The learning curve started with unmanned landers. GM collaborated with the nearby Jet Propulsion Laboratory in Pasadena, where planning for JPL’s Surveyor lunar soft-lander was underway.
In 1963 Bekker and Pavlics offered a proposal for a tiny six-wheeled solar-powered vehicle that would ride down to the Moon aboard Surveyor and then slither down off it onto the surface. That never materialized, but it did offer both GM and JPL a starting point. (General Motors’ wire-tire idea started there, later to blossom with the ones on the Apollo Rovers; and JPL’s confrontation with the need for pitch and roll in a roving vehicle led them eventually to the rocker-bogie solution first used on the Mars Pathfinder Sojourner.
Month-by-month and mission-by-mission the nature of the surface was revealed, and it proved have the bearing strength required for the ambitious vehicle designs being created by NASA and its contractors.
GM’s people were just a fraction of the hundreds of thousands of engineers, designers and fabricators at contractors all over the United States who were building unprecedented hardware to impossible standards on breakneck schedules, and not a bolt on any of it was independent of everything else.
The question was not whether the Moon could carry the loads, but whether the boosters, the schedule and the taxpayers could bear them.
NASA still clung to visionary ideas out of Chesley Bonestell of pressurized rolling habitations but the ruthless standards of weight, time and money repeatedly took the blueprints off the table. It all had to work together.
All the farsighted ideas for lunar vehicles were feasible, but in the unforgiving context of the space race, none of them worked. They were too costly, too ambitious for the mission profiles, and above all just too heavy to carry. When reality was being measured in terms of grams and ever-tighter dollars, the lunar surface vehicle designers were still imagining in terms of tons, and eventually they had to concede the obvious. For Apollo, there would be no two-week surface expeditions, no separate Saturn cargo launches to place machines up there.
The need was bare-bones simple: aboard a single Saturn launch along with everything else needed for a mission, a vehicle that would be stripped to the minimum, used flawlessly but only once, and abandoned.
By 1967, when there were no realistic proposals on the table and the clock was ticking down to President Kennedy’s deadline, NASA said it could not be done.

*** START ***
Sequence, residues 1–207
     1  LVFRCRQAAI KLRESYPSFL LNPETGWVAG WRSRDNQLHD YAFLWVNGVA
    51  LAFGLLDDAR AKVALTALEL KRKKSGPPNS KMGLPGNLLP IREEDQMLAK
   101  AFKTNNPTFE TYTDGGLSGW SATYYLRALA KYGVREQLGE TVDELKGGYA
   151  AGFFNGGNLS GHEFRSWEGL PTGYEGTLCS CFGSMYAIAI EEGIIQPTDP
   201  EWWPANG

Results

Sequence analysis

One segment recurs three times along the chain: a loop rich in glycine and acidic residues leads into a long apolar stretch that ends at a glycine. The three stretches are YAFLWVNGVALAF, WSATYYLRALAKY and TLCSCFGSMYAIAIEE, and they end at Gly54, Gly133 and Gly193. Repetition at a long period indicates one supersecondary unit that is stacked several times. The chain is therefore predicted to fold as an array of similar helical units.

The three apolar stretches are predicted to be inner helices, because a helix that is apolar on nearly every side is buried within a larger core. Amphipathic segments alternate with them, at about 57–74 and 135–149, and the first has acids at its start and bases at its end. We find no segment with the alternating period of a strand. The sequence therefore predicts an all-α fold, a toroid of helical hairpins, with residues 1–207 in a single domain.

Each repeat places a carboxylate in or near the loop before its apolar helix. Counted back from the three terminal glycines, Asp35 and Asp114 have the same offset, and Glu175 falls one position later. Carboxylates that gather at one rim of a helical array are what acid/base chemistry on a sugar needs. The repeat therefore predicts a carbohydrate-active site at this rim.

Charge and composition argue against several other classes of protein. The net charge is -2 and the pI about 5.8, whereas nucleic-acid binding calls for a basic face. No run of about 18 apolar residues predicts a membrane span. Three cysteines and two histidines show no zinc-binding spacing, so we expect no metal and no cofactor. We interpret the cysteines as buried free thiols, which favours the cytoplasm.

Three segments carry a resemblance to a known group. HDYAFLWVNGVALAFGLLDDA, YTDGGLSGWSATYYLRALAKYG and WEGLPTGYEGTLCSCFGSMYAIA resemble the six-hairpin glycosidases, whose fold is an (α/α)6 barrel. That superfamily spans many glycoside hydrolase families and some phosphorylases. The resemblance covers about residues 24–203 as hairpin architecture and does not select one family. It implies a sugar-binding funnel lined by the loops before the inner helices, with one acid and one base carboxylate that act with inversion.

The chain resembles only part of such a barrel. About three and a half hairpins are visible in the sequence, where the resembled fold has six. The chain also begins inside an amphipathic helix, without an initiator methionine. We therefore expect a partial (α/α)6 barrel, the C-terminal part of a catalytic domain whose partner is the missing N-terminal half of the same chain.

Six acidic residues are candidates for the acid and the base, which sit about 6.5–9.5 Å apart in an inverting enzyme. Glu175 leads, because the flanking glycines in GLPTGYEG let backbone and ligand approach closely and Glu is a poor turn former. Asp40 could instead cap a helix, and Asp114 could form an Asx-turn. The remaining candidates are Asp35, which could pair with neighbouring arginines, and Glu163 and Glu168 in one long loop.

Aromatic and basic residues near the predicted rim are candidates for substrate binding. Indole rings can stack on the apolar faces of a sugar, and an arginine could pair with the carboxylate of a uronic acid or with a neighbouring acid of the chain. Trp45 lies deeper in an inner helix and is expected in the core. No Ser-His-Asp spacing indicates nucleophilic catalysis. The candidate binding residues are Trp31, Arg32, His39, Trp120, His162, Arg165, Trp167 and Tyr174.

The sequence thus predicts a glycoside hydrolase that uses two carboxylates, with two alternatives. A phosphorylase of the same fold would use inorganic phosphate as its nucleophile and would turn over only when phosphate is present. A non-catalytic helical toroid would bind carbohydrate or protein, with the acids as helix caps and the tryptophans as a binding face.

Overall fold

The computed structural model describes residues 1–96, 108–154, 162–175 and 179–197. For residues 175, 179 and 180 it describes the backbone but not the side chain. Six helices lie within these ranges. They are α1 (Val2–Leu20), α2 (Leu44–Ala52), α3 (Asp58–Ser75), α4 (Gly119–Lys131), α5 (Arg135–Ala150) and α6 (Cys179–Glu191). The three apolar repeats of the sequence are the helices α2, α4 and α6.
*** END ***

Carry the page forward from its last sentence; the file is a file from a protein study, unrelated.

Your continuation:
But the hope was just too good for General Motors to leave behind, and the need was obvious. The most scientifically promising places on the Moon were also the most hazardous to reach; and what was the point of risking a landing at a site like the Apennines or Taurus-Littrow if the safe radius of walking exploration was half a mile around the LM?
However, developing a spacecraft took five years by the most optimistic schedule, and the ones for the Command Module and the Lunar Module had proven unrealistic. “This is 1967, 1968,” Pavlics remembered, “and it’s really late in the program to create a new vehicle that could be ready.
“North American already has to redesign the Command Module after the fire. The LM is behind schedule too. So NASA’s path is set. It was 1968 or so when they cancelled MOLAB and it looked like it was all done for vehicles. Then, independent research and development money provided by GM was used in our study—even if NASA did not want to pursue this, we still did.
“We did a study of how to create a vehicle to all the required specs and fit it either inside or attached to the outside of the existing LM. We went to NASA headquarters and talked with the brass and asked, can you identify what space might be available on the LM? We were also in contact with Grumman. They said, well, this small corner could be made available. Whatever was in there could be repositioned and the space freed up—we could use that much for whatever GM came up with. They we came home and started figuring it out.”
The “small corner” was inside the descent stage to the right of the ladder as one faces the LM. It was “a triangular bay 60 inches high, 70 inches wide at the base, and 36 inches deep”…. just over thirty cubic feet, and the shape of it narrowed from the broad end to a point like a tall, wide slice of layer cake. “Figuring it out,” as Pavlics put it, meant visualizing a way “to store a Jeep size vehicle carrying a payload of 1,200 pounds into a space not larger than the back of a station wagon.” The solution Pavlics figured out changed the Apollo program.
“I came up with this idea of folding the vehicle,” he said, “but nobody could really visualize it. That’s why I built a little 1/6 scale model and with that, people could see it. Some of the pieces that needed machining we did in the shop at GM, but I made most of it and assembled it here at home. [For the wheels] I bought some stainless steel mesh off the shelf and cut it to the right size, rolled it into a cylinder and then knitted the ends into a torus shape.